Last time Jesus healed the leper it caused him all sorts of trouble, so why heal this guy? Why doesn’t Jesus turn him away? Healing is a sign of the kingdom of God. We’ve just begun a sermon series on the kingdom of God. For many of you perhaps the kingdom of God is a foreign concept. You don’t know what the kingdom of God is or why it’s important. As we’ll see throughout Mark the Kingdom of God is partly about healing. Pastor Dana taught us last week that the kingdom of God comes in three ways. First, through preaching; second, through exorcisms; and third, through healings. Last week we saw how Jesus has the authority to cast out demons. This week we will see how Jesus has the authority to heal and forgive.

But before Jesus performs the miracle he is actually preaching. Mark 2:2 says, “And he was preaching the word to them.” Mark 1:15 shares Jesus preached, “The time is fulfilled, and the kingdom of God is at hand; repent and believe in the gospel.” Jesus is preaching the good news about his own arrival. He is calling on people to repent and believe in him. He is preaching the kingdom of grace has come. And this kingdom, Christ’s kingdom, brings healing. Healing is a sign of the kingdom of God.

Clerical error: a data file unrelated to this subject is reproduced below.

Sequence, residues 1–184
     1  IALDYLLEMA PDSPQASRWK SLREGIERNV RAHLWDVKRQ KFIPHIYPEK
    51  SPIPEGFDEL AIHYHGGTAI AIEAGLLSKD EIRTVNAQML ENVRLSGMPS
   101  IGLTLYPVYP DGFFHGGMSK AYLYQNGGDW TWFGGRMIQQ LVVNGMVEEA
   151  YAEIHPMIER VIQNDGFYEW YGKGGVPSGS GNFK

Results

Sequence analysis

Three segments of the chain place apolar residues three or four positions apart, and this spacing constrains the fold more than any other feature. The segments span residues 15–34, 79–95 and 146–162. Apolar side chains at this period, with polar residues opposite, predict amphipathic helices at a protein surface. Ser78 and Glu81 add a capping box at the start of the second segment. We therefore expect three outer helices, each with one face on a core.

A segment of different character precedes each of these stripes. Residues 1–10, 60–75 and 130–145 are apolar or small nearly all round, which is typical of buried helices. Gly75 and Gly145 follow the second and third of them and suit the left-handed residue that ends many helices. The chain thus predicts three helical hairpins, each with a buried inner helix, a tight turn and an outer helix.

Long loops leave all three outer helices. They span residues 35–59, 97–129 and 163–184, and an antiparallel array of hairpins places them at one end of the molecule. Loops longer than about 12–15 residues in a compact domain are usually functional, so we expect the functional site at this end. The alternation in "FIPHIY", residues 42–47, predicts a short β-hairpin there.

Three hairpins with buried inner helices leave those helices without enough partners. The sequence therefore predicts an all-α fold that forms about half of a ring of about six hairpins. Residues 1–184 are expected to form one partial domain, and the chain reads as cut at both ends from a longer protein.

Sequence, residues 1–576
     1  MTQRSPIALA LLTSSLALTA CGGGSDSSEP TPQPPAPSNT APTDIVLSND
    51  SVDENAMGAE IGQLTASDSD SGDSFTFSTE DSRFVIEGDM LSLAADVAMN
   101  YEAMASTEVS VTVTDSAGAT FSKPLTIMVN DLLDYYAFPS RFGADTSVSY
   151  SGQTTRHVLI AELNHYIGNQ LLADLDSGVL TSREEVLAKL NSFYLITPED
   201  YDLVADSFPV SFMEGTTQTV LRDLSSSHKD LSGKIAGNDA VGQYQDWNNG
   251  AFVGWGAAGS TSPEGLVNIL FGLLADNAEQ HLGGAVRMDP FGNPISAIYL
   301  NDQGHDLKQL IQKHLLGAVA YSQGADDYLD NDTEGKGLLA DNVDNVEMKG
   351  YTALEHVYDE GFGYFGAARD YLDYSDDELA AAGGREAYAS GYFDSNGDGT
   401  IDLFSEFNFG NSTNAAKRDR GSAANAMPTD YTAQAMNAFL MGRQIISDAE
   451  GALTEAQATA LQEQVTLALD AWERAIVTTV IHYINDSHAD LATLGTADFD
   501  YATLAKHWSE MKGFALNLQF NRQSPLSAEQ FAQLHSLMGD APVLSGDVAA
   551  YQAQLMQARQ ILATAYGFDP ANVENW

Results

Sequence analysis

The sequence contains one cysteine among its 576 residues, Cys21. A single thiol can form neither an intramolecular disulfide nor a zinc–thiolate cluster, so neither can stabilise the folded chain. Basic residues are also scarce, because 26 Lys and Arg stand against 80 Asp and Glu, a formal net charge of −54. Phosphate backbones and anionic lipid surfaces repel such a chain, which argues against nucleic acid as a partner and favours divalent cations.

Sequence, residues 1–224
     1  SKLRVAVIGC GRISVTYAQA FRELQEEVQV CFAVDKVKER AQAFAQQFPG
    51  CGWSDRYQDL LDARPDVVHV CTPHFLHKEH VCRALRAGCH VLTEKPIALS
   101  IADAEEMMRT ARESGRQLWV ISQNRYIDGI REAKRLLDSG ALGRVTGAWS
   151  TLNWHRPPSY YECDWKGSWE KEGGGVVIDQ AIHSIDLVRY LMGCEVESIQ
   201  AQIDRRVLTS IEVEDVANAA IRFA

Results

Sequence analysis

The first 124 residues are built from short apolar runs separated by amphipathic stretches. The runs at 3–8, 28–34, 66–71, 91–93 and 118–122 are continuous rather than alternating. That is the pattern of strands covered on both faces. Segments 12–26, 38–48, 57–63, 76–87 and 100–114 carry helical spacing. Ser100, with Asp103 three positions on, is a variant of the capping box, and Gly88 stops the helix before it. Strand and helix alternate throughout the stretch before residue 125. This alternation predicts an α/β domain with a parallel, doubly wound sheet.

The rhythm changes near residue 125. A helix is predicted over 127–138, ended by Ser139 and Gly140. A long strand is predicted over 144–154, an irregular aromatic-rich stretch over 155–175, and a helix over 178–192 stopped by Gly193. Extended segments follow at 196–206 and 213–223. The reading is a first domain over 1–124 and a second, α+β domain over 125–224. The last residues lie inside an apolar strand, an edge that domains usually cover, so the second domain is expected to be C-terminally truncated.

So how does Jesus respond to the paralytic? What does Jesus do when the paralytic is lowered through the roof? Jesus invites the hurting to come and be healed. Jesus wants this paralytic to receive physical and spiritual wellbeing. But notice the importance of faith in this story. Jesus could have stopped his preaching when the four men came to the door.  He could have stopped the meeting and healed the paralytic but he didn’t. The text says “when Jesus saw their faith” then he forgives. This passage is all about “seeing” and “believing.” Jesus “sees” their “faith” and only then forgives the man. The Pharisees can’t “see” anything because their hearts are evil (Matt 9:4). And when the crowds “see” Jesus heal the paralytic, they praise God (Mark 2:12). So since Jesus wants to “see” their faith he continues to preach.